Posted in Blog, Medical Malpractice on July 20, 2008
Not necessarily. In order to establish a valid medical malpractice case, the following things must be proven. First, a reasonable standard of care must be established, and then it must be proven that a healthcare professional neglected to provide this standard of care or breeched it in some way. Furthermore, it must be proven that this negligence caused damages, injuries, death, or that the mistake contributed to the worsening of the condition. Once the aforementioned have been established, only then can a healthcare provider be found liable, and a patient entitled to damages.
As a part of informed consent, a physician must discuss the risks involved with a procedure, as well as the alternatives to the procedure, including non-treatment if it is an option. In the case of cosmetic procedures, the cosmetic surgeon and patient must discuss at length the aesthetic goals of the patient. A voluntary, cosmetic procedure such as a rhinoplasty or facelift that does not turn out exactly as the patient envisioned does not constitute a valid malpractice claim. If the surgeon failed to adequately discuss such aesthetic goals, and this can be proven, then a case might be made.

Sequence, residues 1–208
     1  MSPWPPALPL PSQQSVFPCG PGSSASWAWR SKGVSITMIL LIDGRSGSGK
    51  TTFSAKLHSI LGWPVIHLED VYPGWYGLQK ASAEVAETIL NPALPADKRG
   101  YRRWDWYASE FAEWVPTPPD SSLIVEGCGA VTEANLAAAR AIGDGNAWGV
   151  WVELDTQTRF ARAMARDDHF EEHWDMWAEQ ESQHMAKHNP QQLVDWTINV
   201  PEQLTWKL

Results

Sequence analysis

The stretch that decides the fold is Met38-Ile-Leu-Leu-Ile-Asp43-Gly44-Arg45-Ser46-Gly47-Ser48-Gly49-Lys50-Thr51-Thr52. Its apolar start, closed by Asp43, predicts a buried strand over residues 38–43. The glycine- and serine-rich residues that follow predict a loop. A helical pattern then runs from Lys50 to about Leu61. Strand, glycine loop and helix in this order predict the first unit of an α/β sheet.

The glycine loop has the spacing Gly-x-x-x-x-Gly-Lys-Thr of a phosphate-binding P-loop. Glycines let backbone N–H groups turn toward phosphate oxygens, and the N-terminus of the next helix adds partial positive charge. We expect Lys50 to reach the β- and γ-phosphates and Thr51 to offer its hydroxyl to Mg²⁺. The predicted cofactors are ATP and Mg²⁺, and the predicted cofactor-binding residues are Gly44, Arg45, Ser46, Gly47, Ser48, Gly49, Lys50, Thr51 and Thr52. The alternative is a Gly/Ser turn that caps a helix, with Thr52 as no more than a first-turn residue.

Emergency surgeries often have the potential to produce undesirable results. Surgeons sometimes have to make decisions based on the unexpected. If a surgeon makes a wrong decision, or one that might be outside the reasonable standard of care, then a patient might have a malpractice claim.
If your surgery didn’t turn out as expected and you believe you might have a malpractice case, contact malpractice attorneys Weiss & Paarz today to arrange a consultation.